Subject: I have found a CD that I think you would enjoy
Genres: Pop, Rock, Classic Rock
Fans of the Moody Blues hungry for the band's intoxicatingly rich arrangements and soaring melodies need look no further than this terrific compilation. What it lacks in depth this collection makes up for in breadth, spann... more »
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Fans of the Moody Blues hungry for the band's intoxicatingly rich arrangements and soaring melodies need look no further than this terrific compilation. What it lacks in depth this collection makes up for in breadth, spanning the band's 30-year history of hits from "Tuesday Afternoon (Forever Afternoon)" to "Your Wildest Dreams." Featuring some of Justin Hayward and John Lodge's best songwriting and packed with performances truly worthy of the superlative adjective greatest, this collection of hits delivers the goods. --L.A. Smith
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A well-done compilation, but perhaps misleading...
Dave | United States | 12/11/1999
(4 out of 5 stars)
"Obviously this "The Best of the Moody Blues" CD is aimed at casual/ new fans of these symphonic rockers, and on that level, it does work very well. To 'paint outside the lines', the disc contains the memorable Hayward-Lodge tune "Blue Guitar", as well as the wonderful single mix of "Forever Autumn" which is also not officially a Moodies' track, but is a must-have, and I think the only other place it's available on CD is on the "Time Traveller" box set. This disc also contains the pre-1967 hit "Go Now" from when future Wings member Denny Laine was handling lead vocals, and there's no denying that it sounds joltingly out-of-place in this context. One thing that I feel is worth pointing out is that, apart from "Forever Autumn" and "Go Now", all the songs on this CD were written by Justin Hayward and/ or John Lodge, and that's perhaps misleading for people just getting to know the group--it might make them think that the Moodies' were essentially the Hayward & Lodge band, and although that's pretty much what it HAS evolved into over the years, that's certainly not the case with their "Core 7" albums from 1967-1972. Ray Thomas, who was a longtime member of the Moody Blues, wrote many songs for the group, including the famous Timothy Leary tribute "Legend Of A Mind" which, somewhat bafflingly, isn't included here. I don't think it would have been a bad idea to lose, say, "Voices In The Sky" and "Go Now" to make room for "Legend..."--I mean, "Go Now" really is drastically out-of-place here, and not all that great to begin with, and it would be nice to have at least one quality composition from another member other than Hayward & Lodge.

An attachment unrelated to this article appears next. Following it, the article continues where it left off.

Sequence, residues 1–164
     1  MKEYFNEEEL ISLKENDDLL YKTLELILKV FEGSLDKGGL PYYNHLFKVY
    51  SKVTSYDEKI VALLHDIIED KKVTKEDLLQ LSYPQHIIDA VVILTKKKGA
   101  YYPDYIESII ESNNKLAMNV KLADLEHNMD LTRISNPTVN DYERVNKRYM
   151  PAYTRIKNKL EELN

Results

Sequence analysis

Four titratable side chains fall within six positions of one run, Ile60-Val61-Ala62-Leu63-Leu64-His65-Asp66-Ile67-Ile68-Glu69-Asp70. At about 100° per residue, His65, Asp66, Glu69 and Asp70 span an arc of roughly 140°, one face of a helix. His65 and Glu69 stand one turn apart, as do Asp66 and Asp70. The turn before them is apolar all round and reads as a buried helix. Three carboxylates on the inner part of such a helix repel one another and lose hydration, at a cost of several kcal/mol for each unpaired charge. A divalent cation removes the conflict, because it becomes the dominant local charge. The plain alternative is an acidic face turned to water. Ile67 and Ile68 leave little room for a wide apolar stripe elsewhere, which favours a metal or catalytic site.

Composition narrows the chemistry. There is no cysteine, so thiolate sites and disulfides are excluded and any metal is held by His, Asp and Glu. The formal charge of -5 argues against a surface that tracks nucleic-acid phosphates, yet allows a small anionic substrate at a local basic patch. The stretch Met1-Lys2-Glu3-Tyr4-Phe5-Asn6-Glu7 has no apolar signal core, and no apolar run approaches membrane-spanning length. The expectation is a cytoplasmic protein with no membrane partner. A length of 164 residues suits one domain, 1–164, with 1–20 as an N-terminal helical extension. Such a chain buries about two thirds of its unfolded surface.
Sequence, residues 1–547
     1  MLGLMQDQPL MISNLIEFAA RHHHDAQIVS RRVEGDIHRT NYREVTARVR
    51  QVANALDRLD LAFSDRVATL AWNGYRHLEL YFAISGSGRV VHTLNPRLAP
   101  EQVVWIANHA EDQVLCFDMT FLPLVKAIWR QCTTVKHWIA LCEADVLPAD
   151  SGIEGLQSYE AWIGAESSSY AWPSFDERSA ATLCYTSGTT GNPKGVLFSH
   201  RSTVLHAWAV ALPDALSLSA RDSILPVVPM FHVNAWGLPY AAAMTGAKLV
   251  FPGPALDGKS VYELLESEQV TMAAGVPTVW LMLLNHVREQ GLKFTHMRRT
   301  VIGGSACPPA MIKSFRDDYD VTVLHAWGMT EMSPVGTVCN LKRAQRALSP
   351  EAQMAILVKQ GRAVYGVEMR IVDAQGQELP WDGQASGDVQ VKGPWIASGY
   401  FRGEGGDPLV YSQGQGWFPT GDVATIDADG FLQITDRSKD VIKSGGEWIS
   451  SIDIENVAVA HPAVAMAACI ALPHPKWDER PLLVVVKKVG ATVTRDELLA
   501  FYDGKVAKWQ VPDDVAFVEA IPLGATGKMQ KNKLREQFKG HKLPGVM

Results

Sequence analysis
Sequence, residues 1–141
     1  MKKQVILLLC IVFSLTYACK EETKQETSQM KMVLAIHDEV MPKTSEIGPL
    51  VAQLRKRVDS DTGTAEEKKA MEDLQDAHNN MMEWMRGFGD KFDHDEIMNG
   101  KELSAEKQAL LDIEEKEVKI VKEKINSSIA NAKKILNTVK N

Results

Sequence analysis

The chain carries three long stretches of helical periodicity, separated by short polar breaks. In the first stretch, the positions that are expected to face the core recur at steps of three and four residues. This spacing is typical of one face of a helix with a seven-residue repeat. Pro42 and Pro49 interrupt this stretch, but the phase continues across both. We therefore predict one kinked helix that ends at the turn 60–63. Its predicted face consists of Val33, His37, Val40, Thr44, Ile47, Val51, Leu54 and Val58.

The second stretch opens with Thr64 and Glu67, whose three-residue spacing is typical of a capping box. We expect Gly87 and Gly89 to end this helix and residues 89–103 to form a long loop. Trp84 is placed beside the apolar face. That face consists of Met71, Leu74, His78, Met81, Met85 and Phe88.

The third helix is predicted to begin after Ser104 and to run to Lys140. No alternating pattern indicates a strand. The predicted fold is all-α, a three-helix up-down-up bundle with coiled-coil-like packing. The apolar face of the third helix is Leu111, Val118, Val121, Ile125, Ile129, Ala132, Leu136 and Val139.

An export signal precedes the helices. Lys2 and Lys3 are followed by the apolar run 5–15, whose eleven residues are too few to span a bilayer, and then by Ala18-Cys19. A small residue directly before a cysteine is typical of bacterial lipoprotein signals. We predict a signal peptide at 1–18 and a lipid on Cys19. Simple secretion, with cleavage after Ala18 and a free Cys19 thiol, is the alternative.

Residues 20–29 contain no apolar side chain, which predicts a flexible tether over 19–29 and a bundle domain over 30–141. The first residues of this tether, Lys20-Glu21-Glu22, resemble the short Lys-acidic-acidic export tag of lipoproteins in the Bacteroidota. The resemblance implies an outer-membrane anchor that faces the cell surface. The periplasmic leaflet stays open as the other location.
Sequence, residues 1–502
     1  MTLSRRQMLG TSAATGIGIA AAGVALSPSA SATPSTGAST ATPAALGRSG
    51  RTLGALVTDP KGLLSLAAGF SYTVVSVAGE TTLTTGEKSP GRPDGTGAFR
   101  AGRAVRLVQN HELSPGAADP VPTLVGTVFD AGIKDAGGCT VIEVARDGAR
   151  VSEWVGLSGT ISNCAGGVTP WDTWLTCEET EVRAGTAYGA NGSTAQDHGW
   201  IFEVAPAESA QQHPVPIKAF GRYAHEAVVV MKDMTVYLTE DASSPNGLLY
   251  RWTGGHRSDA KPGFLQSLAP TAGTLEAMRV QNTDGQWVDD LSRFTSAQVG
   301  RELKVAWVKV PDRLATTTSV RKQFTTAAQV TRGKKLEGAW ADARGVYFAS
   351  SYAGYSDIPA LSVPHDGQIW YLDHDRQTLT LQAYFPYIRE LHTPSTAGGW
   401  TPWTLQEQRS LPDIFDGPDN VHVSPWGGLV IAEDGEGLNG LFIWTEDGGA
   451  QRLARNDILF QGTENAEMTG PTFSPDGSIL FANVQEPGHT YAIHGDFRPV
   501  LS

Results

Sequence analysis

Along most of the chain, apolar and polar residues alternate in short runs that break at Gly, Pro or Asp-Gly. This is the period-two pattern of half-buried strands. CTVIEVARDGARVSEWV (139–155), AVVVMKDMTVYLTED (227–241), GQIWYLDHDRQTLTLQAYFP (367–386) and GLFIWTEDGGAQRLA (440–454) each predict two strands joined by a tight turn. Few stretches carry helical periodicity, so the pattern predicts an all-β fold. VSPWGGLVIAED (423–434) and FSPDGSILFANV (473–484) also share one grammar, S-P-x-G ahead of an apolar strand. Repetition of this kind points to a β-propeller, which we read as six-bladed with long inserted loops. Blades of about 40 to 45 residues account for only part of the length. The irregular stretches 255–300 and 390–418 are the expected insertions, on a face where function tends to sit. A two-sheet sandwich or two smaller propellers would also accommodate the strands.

But like I said at the start, this CD, which contains over 77 minutes of music, does work very well for casual and new fans of the Moodies, so I definitely give the disc a thumbs up.
(Strangely, the version of "The Best of the Moody Blues" that I have has different cover art than what is shown here at Amazon. The liner notes feature an interview with Justin Hayward which is a nice bonus, and the track listing is identical, although there is perhaps a difference in the remastering.)
(P.S. As an additional note, I'd like to comment on the version of "Nights In White Satin" that this disc features--it seems that some listeners are up in arms over this. The version here is by no means a patchwork edit. Yes, it is missing some string overdubs in the last verse, but listen with headphones & you'll notice the difference between this & the version on each of the two main versions of the "Days of Future Passed" CD (not how it sounded on the original vinyl)--this is a more spacious, less diluted sounding version. For the true original full-length version of "Nights", including the "Late Lament" poem portion, as it appeared on the original "Days of Future Passed" vinyl, the only place I know for sure you can find it is on the "Time Traveller" box set.)"
Dave | 07/27/1999
(3 out of 5 stars)
"How do you fit so many Moody Blues songs on one CD? That's easy...you edit the hell out of them. Nights in White Satin is edited in the very beginning and also has a large portion of the ending cut out. There are others edited as well, including Tuesday Afternoon. If you don't mind that, this CD offers a good sampling of their great music. I bought it for the song Forever Autumn from War of the Worlds. It's the single version that was often played on radio. I like the song so much that I wanted both versions. In fact, this may be the only CD, other than War of the Worlds, that has this beautiful song."
I Love the Moodies; this CD is but a Taste
Lonnie E. Holder | Columbus, Indiana, United States | 02/04/2006
(4 out of 5 stars)